When four canoeists and a kayaker ventured down the South Branch of the Moose one spring day in 1991, passing through posted land, they sparked a legal battle that lasted eight years and ended in a victory for paddlers.
The Court of Appeals, the state’s highest tribunal, ruled that the common-law right of navigation embraces recreational canoeing. Two years later, the paddlers and the landowner, the Adirondack League Club, reached an agreement specifying when the public is allowed to paddle the South Branch.
But it wasn’t a total victory.
For one thing, the agreement says the river is open to the public only from May 1 to October 15 (or the opening of big-game season). But if a river is navigable in mid-April, why shouldn’t the public be allowed to paddle it? Can such an agreement between a landowner and private parties restrict the common law?
For another thing, little has happened to advance the cause of navigation rights since. Last spring, I paddled through posted land on Shingle Shanty Brook, a stream that connects two parcels of Forest Preserve in the Whitney Wilderness. I believe the public has a right to paddle this stream, but the landowners disagree. That there is still doubt about this, more than a decade later, shows that the Moose River decision was not as world-shaking as paddlers had hoped.
Finally—and this is less well known—the Moose River case put an end to legislative and regulatory efforts in Albany to clarify navigation rights.
Back in 1991, state legislators were pushing a bill that would have affirmed that paddlers have the right to travel on navigable rivers. At the same time, working on a parallel track, the state Department of Environmental Conservation was drafting departmental regulations with the identical purpose in mind.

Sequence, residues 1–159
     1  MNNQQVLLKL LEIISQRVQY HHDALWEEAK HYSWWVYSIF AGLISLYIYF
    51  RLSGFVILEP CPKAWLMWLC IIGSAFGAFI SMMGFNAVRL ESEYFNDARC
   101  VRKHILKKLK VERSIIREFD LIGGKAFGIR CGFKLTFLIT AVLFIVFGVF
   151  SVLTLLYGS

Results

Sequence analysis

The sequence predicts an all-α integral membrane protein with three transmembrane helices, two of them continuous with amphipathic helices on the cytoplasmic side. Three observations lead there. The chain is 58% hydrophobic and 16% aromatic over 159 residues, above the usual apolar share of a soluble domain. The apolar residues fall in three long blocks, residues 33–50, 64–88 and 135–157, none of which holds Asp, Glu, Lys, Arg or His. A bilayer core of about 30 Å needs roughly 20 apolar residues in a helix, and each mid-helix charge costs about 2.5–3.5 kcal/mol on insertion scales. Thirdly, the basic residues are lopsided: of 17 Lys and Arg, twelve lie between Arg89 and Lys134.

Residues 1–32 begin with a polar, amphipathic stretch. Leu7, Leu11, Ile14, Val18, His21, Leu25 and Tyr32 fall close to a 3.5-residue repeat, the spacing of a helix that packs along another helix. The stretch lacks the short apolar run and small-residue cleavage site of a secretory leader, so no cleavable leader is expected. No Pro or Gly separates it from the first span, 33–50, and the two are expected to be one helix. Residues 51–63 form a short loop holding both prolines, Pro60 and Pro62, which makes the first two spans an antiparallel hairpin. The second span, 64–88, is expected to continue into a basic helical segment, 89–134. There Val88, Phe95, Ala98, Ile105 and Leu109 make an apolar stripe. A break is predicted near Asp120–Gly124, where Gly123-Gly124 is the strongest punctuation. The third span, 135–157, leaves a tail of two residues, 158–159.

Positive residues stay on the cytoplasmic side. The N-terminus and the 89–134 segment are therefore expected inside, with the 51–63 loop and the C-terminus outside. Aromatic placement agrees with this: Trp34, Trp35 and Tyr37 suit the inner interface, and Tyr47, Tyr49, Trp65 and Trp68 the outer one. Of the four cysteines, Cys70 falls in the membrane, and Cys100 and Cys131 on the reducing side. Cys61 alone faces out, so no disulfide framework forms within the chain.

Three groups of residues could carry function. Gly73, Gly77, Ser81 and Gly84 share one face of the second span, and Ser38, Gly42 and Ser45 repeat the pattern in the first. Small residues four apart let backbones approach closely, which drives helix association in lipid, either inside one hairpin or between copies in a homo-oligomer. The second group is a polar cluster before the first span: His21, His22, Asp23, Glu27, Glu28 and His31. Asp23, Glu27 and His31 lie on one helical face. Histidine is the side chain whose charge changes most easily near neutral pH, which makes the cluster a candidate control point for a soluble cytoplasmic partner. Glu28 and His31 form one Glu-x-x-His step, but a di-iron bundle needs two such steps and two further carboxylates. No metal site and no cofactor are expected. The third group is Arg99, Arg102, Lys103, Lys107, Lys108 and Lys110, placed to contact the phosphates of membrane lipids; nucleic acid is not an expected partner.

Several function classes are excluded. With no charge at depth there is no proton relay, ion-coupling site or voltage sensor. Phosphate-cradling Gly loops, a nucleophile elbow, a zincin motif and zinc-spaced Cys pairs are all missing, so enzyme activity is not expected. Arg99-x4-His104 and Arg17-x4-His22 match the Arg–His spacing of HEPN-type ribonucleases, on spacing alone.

The bill passed the Assembly, but apparently it was blocked in the upper chamber by Senator Ron Stafford, whose district included most of the Adirondacks. I’m told that Stafford was on the verge of coming around when the Moose River controversy erupted. Because of the lawsuit, the bill was shelved.
Similarly, DEC abruptly abandoned its effort to adopt regulations. The department had progressed so far in this initiative that it had drafted a news release.
What’s more interesting, DEC had prepared a draft list of 253 waterways throughout the state that it deemed navigable under the common law. Fifty-five of those rivers are in the Adirondacks.
You can read about this history in the May/June issue of the Adirondack Explorer. The story is available online here.
You also can see online the fifty-five Adirondack waterways on the department’s list. Keep in mind, however, that this was the draft of a preliminary list. If the list were subjected to public hearings, waterways may have been added or subtracted. That being said, it’s thought that most of the waterways on the list probably would have survived.
There is now a bill before the state legislature that would clarify the common law and authorize DEC to draft a new list of navigable waterways. Whether DEC would use that authority is questionable. The department may prefer to negotiate with landowners, as it is doing in the Shingle Shanty case. However it’s done, though, the public’s rights need to be clarified. The Moose River decision was not enough.
Photo of Shingle Shanty Brook by Phil Brown